Darkan show to highlight sheep and wool

20 Jan, 2018 04:00 AM
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THE town of Darkan is set to come to life next month when the community hosts its inaugural Darkan Sheepfest on Saturday, February 10.

For some time, there has been a call for agricultural shows to get back to the basics of showcasing the agricultural industry, but more importantly become affordable again and that is exactly what an enterprising Darkan community is trying to achieve with the Darkan Sheepfest.

The event promises to not only celebrate the sheep and wool industry but also promote the local shire.

And also with keeping with aim of being affordable, entry to the event will be just a gold coin donation.

Darkan has a long and proud history associated with the sheep industry and Darkan Sheepfest will certainly recognise this.

West Arthur Shire president and co-inventor of the well-known Harrington Sheep Handling Equipment brand, Ray Harrington, is very excited to see the return of a show in Darkan centred around the sheep and wool industry.

“I have toured most parts of this country and I can honestly say that I think this is one of the best sheep shires in Australia given our soil type and reliable rainfall,” Mr Harrington said.

“Like many districts, we have had some great innovative farmers that have improved and enhanced the sheep industry.

“The development of bugle races in sheep yards, the raising of the boards in the shearing shed, the crutching cradle, VE machine and the jetting machine as far as I know all came from this area.

“However what really excites me is seeing the younger generation coming up through the ranks like the ‘Southern Dirt Young Farmers’ group.

“Their group and groups like them will be our next breed of innovators and events like the Darkan Sheepfest will provide the opportunity for them to get together and start sharing their ideas.”

For those who have little or no knowledge of the sheep industry, the Darkan Sheepfest will have more than enough on offer.

There will be a Sports Shear competition, wool fashion shows, a Merino ewe hogget competition and Old McDonald’s Travelling Farm just to name a few features.

Sheepfest organising committee member and mother of two Jodie King said she had fallen in love with the small Darkan community after relocating from New South Wales.

“Having grown up with sheep all my life, I was lucky enough as a child to attend both small and large agricultural shows from the Royal Easter Show in Sydney, down to the little dusty show that rolled into town once a year,” Ms King said.

“I have such fond memories of these shows but I must admit my favourites were always the small country shows.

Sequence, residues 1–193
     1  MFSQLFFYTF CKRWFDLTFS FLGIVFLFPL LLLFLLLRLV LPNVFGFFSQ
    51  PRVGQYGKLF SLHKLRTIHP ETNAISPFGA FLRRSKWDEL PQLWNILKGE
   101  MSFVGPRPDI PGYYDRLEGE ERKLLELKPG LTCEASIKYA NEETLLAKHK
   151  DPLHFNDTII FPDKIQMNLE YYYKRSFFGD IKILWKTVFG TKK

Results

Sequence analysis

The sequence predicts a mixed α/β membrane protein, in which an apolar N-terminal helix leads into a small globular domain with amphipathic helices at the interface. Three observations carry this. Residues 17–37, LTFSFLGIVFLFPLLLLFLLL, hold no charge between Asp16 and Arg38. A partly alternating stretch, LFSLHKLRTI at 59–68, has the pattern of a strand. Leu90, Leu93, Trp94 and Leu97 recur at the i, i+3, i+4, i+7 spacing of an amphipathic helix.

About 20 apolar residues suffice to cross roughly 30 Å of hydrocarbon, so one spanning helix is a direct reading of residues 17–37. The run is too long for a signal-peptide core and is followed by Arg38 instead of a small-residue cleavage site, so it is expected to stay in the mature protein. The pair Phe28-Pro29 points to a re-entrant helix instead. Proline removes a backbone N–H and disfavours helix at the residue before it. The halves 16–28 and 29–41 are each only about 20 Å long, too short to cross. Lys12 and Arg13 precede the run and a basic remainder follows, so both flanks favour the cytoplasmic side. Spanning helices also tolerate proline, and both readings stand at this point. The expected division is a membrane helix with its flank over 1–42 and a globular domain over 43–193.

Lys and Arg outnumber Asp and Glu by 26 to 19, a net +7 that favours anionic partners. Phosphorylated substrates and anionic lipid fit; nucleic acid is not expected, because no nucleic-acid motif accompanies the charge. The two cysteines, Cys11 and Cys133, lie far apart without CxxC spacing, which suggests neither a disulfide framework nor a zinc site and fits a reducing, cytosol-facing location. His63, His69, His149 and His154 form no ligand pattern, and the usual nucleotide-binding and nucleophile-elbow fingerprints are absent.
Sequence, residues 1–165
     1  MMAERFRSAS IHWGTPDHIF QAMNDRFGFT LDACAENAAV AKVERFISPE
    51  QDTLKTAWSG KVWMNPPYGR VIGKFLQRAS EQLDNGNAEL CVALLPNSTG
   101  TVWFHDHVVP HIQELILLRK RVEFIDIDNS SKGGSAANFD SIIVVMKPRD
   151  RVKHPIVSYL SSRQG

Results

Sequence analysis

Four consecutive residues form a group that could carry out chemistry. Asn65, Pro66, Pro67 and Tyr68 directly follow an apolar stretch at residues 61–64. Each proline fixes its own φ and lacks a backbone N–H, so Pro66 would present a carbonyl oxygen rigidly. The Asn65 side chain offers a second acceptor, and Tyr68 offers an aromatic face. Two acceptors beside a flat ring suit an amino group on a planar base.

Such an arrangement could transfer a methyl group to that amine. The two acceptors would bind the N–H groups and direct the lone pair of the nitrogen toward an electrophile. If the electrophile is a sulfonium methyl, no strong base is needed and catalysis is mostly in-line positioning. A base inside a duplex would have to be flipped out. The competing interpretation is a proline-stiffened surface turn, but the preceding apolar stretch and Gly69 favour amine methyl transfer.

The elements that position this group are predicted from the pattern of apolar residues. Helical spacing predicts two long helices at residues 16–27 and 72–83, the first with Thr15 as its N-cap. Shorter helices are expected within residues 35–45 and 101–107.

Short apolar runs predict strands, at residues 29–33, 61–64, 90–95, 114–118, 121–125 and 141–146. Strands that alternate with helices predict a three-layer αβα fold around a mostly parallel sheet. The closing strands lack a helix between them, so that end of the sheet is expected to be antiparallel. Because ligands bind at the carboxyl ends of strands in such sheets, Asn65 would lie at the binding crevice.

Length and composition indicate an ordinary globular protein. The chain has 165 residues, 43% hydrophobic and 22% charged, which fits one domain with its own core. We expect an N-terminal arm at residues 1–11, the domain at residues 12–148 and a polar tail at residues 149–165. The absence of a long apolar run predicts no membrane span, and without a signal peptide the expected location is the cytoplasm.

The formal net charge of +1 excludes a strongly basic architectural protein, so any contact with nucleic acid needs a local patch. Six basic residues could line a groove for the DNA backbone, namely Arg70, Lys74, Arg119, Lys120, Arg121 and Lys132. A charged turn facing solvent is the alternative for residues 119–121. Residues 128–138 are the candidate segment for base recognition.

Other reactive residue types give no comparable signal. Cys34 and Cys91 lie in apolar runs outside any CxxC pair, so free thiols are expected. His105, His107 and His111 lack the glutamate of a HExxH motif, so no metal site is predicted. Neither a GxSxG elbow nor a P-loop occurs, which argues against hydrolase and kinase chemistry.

“As silly as it sounds, I loved the smell of the sheep and the dust and watching the expression on all the local farmers’ faces as they filled with pride when they lined-up with their best stock at judging time.

“We have continued on with this tradition for our own two girls and attend many shows through my husband’s work, but I hear so many times of families that say even just the cost of paying entry fees at the front gate has meant they have had to stay away – which is just sad, especially for the kids.

“Our aim with the event is to get back to origins of a country show and keep it as affordable as possible and attract families, so this generation of kids don’t miss out on what a real country show is about.”

Ms King said parents would not have to worry about avoiding sideshow alley and buying expensive show bags as there wouldn’t be any at the Darkan event.

“We have steered away from that,” she said.

“But what everyone can expect is to spend a great day out with their family and just be able to help celebrate sheep.”

A big feature of the event will be a Sports Shear competition and the West Australian Competition Shearing Association (WACSA) has come on board.

WACSA secretary Sarah Buscumb said the event would be a great way to champion the role of the shearing team in the wool industry.

“A good quality shearing team is the best asset that a sheep and wool producer can have at shearing time,” Ms Buscumb said.

“A producer takes 12 months to produce a fleece and good quality shearers and shed staff will ensure that the best preparation is carried out and therefore the best financial results are achieved.”

With a strict judging criteria in place that is focused on quality shearing, you are sure to see a high standard of shearing at the Darkan Sheepfest Shears.

“There will be a number of past and present State and national representative shearers and interstate shearers competing on the day, so I encourage everyone to come along and look at some of the best quality shearers in WA and Australia,” Ms Buscumb said.

Another highlight will be the ewe hogget competition and producers are encouraged to enter as there are good prizes up for grabs.

All you need to enter is a pen of 10 commercial bred Merino or Dohne ewes born in 2016 and showing no more than four permanent teeth.

The ewes must be all be owner-bred and can be of any shearing.

Entries for the competition close on Friday, February 2 and more information on the competition can be obtained from Nathan King on 0488 582 455.

Equally excited about the event is local business cafe owners Wayne and Pam Stockley, who can see many benefits of Darkan Sheepfest for city dwellers looking for a day trip to experience the country.

Mr Stockley said there was no doubting the inventiveness of country people and the energy they bring to an event.

“Sheepfest will be a great day out for the whole family and I encourage the city folk to head to Darkan,” Mr Stockley said.

“Simply just for good fun and true country hospitality.”

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